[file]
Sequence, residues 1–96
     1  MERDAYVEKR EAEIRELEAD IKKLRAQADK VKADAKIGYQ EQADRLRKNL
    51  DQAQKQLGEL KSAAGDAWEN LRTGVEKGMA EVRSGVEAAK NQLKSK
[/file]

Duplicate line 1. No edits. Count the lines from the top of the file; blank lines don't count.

Sequence, residues 1–96